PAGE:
S. Korean govt adds to kids’ daily grind by banning coffee in schools
The South Korean government is banning the sale of coffee in schools nationwide in an effort to curb increasing childhood obesity amid reports of heart palpitations, nausea, anxiety and dizziness among students.
The ban on the sale of coffee in school vending machines and canteens will take effect on September 14, as the government attempts to promote healthier lifestyle choices among young students.
“The revision aims to create healthy eating habits among children and teenagers,” an unnamed Ministry of Food and Drug Safety official said on Tuesday, as cited by The Korea Times.
“We will make sure coffee is banned at schools without fail. We have notified schools of the coffee ban across the nation through cooperation with the Education Ministry,” the official added.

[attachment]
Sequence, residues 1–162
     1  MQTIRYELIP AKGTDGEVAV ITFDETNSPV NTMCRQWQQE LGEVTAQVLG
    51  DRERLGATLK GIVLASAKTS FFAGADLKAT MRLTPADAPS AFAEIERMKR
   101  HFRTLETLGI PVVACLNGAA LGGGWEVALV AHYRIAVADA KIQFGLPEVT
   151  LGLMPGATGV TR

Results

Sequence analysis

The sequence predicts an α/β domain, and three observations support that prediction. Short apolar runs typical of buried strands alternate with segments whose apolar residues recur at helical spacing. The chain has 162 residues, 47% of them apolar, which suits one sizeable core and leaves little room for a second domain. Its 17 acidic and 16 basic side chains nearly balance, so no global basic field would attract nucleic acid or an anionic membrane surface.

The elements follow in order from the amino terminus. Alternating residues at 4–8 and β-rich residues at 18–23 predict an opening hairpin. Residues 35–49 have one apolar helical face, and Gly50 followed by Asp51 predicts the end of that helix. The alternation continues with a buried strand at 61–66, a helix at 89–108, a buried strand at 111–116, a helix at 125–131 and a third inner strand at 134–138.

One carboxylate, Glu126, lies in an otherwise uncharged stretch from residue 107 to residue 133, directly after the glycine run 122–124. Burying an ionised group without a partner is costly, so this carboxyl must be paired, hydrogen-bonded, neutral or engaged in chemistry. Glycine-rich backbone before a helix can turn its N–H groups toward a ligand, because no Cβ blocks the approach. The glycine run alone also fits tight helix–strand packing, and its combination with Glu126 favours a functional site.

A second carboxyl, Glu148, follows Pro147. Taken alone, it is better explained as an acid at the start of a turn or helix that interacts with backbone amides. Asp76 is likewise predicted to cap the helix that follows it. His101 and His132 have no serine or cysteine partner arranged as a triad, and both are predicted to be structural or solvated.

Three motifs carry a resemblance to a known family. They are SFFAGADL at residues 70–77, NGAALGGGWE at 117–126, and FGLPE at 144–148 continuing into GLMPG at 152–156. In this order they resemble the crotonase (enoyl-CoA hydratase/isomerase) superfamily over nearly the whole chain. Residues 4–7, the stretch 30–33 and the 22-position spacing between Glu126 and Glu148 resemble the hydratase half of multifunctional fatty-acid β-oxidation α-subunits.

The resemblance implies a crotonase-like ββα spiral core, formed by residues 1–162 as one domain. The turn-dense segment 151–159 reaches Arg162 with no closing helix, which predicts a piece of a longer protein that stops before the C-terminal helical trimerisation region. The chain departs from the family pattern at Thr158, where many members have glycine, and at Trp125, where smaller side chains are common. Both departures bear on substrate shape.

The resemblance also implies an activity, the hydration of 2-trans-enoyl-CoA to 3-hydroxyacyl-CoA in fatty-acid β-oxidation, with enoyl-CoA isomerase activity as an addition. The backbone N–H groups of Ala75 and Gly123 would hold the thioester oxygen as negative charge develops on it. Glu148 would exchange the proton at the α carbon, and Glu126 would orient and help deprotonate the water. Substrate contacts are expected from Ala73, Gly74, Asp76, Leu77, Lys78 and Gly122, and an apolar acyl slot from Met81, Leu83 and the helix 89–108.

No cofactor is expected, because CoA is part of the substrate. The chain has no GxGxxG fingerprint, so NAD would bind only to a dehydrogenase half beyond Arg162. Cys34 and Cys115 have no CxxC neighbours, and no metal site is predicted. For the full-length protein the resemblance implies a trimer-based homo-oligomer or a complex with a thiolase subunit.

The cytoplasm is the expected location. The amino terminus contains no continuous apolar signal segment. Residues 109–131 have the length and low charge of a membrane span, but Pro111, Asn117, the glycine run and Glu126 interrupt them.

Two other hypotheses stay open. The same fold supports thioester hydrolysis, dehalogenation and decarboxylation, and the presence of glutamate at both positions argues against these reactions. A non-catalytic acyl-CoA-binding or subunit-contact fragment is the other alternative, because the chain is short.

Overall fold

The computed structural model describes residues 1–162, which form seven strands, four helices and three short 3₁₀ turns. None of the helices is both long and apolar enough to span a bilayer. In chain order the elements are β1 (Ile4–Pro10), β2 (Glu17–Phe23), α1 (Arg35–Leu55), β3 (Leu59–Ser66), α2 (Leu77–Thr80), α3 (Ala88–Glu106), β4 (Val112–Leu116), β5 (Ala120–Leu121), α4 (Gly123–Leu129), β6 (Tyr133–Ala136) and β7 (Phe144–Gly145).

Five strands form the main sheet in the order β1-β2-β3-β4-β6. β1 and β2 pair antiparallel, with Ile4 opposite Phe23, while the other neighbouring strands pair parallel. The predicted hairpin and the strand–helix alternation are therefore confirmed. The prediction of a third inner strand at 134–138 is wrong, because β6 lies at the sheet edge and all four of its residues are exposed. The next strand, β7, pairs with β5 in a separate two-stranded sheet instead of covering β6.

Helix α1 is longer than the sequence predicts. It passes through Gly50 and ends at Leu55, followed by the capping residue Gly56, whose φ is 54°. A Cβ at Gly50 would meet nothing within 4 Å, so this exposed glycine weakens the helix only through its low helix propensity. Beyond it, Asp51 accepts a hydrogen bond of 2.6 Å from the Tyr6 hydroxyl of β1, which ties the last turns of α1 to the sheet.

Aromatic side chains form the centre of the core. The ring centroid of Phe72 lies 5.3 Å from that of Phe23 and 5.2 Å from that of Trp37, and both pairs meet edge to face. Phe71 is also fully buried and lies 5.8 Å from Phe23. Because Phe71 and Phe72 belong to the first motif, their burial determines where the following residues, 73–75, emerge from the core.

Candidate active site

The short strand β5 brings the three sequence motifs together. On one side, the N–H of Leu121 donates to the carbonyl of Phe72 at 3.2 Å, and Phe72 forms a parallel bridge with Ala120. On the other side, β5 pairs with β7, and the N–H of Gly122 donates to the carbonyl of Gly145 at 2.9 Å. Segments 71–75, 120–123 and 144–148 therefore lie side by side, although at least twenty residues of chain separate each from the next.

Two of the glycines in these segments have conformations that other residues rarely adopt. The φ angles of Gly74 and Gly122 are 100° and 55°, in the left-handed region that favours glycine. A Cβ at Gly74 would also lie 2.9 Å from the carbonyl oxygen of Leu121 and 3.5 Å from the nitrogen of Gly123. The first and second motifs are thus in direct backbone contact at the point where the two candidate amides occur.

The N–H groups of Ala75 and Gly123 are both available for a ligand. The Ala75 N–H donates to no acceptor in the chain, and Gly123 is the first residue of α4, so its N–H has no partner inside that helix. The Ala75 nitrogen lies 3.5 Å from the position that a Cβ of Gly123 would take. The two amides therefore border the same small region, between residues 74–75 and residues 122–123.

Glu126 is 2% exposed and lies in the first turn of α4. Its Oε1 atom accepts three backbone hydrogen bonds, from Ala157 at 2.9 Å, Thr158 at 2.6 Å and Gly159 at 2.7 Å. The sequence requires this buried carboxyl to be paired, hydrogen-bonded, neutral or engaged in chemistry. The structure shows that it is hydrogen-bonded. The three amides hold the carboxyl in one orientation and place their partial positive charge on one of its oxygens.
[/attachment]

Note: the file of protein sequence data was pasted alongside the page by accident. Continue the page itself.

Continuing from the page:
The ban comes amid wider efforts to reduce high-calorie and high-caffeine-content foods and drinks among the country’s young people. South Koreans average the most caffeinated drinks per capita in Asia at 181 cups of coffee per year. This figure still pales in comparison to American consumers, who average 266 cups per year, according to analysis by Euromonitor.
The South Korean government heavily restricted the sale of energy drinks earlier in 2018 in addition to banning televised advertisements for fast food and high-sugar, high-caffeine foods and beverages. Authorities in the UK are also proposing a ban on the sale of energy drinks to minors amid concerns over the long-term impact of their high-caffeine and high-sugar content.
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